“Well, excuuuuuuuuuse ERRRRPPPP-me!”


Dash is better than me at a lot of things. For example: soccer, kickball, all sports period, being liked by girls. But I am by far the better burper. I also know more comedy routines by heart, even though by all rights he should because his dad is kind of the comedy king. Don’t tell my moms, who are mostly awesome, except in the junk food category, but there are times when I would love to trade places with Dash so Gil could be my dad.


“Wait a second . . . hang on . . . BRAAAAAAAPPPP!” I cut loose again, strategically aiming my blast at Dash.


“I’ll spot you knuckleheads twenty-five extra points if you can go without belching for one minute,” said Gil. “Besides, I think it’s still my turn.”


“Sorry, sorry,” we said. Back to the serious business of SND. Gil cued up the lobster scene from Annie Hall. Which is my favorite Woody Allen movie, and one of my favorite movies of all time. Even Dash says there’s something weird about that, since most Woody Allen movie fans are my moms’ age or older.


“Awesome!” I said.


“Dude, you are an old soul,” said Gil appreciatively. In this scene, Woody Allen is trying to cook lobsters, but they escape behind the refrigerator. Annie Hall is laughing, but Woody is totally freaking out.


“ ‘Talk to them!’ ” I said, doing Woody’s line in my best Woody voice. “ ‘You speak shellfish!’ ”


“ ‘Maybe if I put a little dish of butter sauce here with a nutcracker, it’ll run out the other side,’ ” added Dash’s dad, beating me to Woody’s next laugh line.


When the clip ended, we gave Gil fifty points and I knew what had to come next. That’s the best part of SND--when you get in the zone and just start riffing on comedy bits, having one lead to another and another. Kind of like a bar mitzvah DJ on a really good night. “Ooh! Ooh! I call Sleeper next!” I suggested, ready to go on a Woody Allen roll.


“No, ‘Chopper Four’!” said Dash. Dash gets tired of the classics faster than I do.


“ ‘Chopper Four’?” asked Gil.


“Sklar Brothers,” I told him. “You know, they do that bit about how television news teams go nuts when they get a new traffic helicopter.”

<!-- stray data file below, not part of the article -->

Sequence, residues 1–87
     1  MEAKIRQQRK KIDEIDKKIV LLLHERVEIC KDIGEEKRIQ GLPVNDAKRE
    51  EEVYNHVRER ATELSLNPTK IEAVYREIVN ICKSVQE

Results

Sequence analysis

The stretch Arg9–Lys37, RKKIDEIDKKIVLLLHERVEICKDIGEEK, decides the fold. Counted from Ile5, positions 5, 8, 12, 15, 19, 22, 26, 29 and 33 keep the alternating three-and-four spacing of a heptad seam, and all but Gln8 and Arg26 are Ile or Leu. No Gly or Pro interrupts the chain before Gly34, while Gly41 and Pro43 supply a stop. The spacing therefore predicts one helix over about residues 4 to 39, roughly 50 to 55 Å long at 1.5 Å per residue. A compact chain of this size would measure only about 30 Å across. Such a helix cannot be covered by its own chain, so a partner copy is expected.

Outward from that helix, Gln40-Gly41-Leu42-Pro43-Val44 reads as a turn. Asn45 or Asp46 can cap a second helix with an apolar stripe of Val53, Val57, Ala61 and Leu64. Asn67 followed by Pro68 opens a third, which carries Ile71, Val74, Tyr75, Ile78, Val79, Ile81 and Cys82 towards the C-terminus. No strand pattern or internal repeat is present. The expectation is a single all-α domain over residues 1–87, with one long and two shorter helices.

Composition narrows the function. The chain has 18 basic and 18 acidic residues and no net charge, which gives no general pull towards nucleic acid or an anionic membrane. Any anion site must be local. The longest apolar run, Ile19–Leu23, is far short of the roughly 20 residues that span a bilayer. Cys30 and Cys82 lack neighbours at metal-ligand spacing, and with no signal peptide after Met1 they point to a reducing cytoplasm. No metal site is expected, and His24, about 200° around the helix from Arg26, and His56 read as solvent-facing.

“ ‘Chopper Four went down mysteriously in the Hudson River . . . and Chopper Four was first on the scene. Coincidence? Or Chopper Four?’ ” barked Dash, quoting the clip.


“ ‘Chopper Four!’ ” I added, doing the same. “ ‘The way we see it, we’re twice as good as Chopper Two.’ ”


“Yeah, dudes, I know,” said Gil, wrapping one hairy arm around Dash’s neck and giving him noogies. “You’ve only made me watch it, like, chopper-four-dozen times. I’m not giving you guys any points for it.”


“ ‘Chopper Four!’ ” we both screamed, sounding just like the Sklar Brothers.


“All right, all right,” said Gil, hands up in defeat.


“ ‘Chopper Four!’ ” we yelled again triumphantly.


Gil poured himself some seltzer. He chuckled a couple of times at “Chopper 4,” but then he slid his chair back and took his cup upstairs. We hit replay when it ended and watched “Chopper 4” twice in a row (“Chopper 8”!). When Gil didn’t return, we test-drove a couple more videos to figure out what to wow him with next. Gil loved it when we showed him new stuff, just like we--okay, I--loved it when he showed us old clips we hadn’t seen.


“Dad, you coming back?” Dash called upstairs.


“You dudes go ahead,” said his dad. “I’m taking a break.”


There was still one unopened soda bottle, so I grabbed it and held it up in front of my face. “It is verse zen ve feared,” I had it say in my best mad scientist voice.


“Doctor, is there nothing that can be done?” said Dash.


“Yah,” said Dr Pepper. “Zee patient appears to be suffering from . . . lame-o dad-o max-i-mo zyndrome.”


“Dr Pepper, didn’t they take away your medical license?” Dash accused.


“No! I am ze greatest doctor in all of hee-story!” For emphasis, I tossed the bottle up in the air and caught it. Then I launched it to Dash like a football.


“Ah,” said Dash, “so you flew here from Europe? How was your flight?” He tossed it back to me.